12 years ago today, Mark Zuckerberg launched Facebook, and since then the site has grown at a nearly unbelievable pace. Now, with about 1.6 billion monthly active users, Facebook makes an average of $3.73 in revenue per user worldwide. And as the company continues to grow, engagement is only getting higher. According to an analysis by CNBC, users spend an aggregate of 10.5 billion minutes per day on the social media platform -- that's around $3.5 trillion in squandered productivity, by their estimate. Facebook is celebrating its birthday by marking today "Friends Day" and adding personalized videos to each user's account showing their best moments with friends, or at least what Facebook's algorithms think are the best moments. (Users can opt to share the video or keep it private.) The company's also announced an updated degrees-of-separation metric to make it easier to connect with other users.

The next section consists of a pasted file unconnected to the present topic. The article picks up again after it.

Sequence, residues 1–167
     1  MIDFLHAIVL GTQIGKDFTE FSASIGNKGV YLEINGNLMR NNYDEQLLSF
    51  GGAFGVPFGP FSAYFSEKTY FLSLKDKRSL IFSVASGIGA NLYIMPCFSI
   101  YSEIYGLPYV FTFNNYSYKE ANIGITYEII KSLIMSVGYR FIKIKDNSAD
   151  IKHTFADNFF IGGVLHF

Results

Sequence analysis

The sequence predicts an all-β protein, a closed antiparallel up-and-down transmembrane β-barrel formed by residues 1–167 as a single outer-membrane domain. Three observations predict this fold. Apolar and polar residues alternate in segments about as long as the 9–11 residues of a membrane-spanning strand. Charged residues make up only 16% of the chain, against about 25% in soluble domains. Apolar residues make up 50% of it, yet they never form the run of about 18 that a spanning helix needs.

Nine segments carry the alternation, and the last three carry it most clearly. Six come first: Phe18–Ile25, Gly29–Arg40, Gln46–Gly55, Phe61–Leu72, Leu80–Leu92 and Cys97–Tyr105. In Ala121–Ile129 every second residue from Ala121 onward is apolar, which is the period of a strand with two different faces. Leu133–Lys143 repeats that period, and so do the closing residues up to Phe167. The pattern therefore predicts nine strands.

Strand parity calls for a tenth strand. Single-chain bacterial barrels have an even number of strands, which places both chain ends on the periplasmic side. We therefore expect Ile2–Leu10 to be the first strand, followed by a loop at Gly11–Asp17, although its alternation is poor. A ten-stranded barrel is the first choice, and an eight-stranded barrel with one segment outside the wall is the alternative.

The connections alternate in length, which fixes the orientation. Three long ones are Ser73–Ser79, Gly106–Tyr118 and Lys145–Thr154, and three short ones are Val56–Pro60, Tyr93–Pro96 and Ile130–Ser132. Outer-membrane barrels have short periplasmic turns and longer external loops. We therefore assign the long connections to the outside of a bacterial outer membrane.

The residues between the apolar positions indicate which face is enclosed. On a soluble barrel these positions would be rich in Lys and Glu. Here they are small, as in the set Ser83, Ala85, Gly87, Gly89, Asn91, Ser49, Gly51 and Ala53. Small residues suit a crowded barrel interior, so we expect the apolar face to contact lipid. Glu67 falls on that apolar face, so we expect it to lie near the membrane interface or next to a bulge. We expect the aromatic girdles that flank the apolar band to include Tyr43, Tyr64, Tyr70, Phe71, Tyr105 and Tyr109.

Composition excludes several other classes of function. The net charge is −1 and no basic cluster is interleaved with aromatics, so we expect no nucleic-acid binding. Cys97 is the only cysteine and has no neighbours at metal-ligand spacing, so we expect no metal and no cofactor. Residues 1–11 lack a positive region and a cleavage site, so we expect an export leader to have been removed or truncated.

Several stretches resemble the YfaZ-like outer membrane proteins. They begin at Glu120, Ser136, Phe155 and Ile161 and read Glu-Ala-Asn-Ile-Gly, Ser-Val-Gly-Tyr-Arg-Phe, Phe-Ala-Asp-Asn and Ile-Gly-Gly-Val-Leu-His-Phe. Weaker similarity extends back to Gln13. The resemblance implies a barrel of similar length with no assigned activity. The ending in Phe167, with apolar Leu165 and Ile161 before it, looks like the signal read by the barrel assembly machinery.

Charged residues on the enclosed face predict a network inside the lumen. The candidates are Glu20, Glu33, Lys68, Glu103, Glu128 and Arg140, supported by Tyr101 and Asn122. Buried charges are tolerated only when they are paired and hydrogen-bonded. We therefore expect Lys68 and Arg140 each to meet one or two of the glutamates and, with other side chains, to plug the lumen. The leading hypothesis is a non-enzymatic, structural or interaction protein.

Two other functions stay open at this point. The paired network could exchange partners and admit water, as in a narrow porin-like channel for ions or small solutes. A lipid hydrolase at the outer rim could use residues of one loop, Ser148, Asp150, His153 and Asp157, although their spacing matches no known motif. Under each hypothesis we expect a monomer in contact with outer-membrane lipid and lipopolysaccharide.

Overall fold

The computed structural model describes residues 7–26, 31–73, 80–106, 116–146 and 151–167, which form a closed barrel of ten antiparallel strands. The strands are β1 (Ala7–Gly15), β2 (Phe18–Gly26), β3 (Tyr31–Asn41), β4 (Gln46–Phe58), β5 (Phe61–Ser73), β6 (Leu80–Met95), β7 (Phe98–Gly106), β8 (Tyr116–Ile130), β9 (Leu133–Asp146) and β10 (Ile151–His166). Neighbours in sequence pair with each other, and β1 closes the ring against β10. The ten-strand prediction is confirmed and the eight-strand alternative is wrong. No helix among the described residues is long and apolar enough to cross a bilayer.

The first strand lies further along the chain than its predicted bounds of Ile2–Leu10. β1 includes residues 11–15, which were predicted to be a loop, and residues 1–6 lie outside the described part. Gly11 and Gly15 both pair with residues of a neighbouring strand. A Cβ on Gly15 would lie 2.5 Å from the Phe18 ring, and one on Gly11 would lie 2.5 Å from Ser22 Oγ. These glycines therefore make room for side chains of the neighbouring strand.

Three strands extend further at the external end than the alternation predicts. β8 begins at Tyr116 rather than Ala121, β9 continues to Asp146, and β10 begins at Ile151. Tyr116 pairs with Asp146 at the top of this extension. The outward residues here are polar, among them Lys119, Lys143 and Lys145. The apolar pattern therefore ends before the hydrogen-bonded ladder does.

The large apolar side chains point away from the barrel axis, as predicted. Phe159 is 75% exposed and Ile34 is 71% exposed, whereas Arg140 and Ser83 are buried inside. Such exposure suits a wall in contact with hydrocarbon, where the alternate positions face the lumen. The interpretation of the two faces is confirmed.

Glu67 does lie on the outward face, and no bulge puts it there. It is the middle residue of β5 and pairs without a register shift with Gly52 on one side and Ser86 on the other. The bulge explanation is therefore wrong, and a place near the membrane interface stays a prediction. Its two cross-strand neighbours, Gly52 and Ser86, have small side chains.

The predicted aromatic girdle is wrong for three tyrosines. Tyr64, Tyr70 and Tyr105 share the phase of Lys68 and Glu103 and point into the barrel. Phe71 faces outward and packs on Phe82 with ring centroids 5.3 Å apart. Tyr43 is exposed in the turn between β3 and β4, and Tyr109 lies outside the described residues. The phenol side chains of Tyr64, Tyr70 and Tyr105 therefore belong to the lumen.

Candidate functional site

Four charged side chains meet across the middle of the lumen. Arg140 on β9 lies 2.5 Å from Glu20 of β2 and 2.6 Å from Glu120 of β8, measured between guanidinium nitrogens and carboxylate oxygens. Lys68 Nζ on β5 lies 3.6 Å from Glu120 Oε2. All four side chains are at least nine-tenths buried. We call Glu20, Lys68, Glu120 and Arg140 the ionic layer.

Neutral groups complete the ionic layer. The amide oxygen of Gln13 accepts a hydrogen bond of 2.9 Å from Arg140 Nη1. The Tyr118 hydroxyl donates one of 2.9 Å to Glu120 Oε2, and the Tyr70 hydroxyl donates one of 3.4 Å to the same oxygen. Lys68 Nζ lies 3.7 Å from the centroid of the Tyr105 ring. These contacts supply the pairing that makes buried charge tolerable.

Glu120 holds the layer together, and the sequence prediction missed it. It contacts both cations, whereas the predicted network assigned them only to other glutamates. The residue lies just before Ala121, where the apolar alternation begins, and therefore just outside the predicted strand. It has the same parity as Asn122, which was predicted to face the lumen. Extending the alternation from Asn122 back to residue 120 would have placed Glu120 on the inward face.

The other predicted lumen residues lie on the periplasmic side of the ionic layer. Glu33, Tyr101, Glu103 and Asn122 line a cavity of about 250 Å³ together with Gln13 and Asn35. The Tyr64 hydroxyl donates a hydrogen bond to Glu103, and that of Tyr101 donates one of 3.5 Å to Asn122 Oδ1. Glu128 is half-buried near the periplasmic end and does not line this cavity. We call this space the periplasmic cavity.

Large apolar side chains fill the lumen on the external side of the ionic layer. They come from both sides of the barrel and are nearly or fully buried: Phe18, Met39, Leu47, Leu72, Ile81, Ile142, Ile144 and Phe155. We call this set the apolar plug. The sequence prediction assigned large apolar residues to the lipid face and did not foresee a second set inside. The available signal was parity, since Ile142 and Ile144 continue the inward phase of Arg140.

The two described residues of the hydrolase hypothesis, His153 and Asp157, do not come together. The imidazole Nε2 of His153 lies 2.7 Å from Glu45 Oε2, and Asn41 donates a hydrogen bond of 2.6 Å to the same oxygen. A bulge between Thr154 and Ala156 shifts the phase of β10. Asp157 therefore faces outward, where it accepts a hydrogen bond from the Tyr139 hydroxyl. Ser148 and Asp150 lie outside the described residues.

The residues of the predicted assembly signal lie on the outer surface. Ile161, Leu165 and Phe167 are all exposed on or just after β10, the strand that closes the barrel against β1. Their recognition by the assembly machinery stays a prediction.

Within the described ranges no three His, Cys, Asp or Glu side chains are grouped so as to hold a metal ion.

The Internet

Cisco To Acquire IoT Company Jasper For $1.4 Billion (thestack.com) 25

An anonymous reader writes: Cisco has announced its intention to spend $1.4 billion purchasing startup Jasper Technologies, Inc. which specialises in IoT connectivity. It's the most significant acquisition the tech multinational has made since its purchase of Wi-Fi manufacturer Meraki in 2012. In 2015 Cisco also acquired OpenDNS for $635 million, and with the Jasper acquisition seems committed to securing a major foothold in IoT infrastructure over the next five years.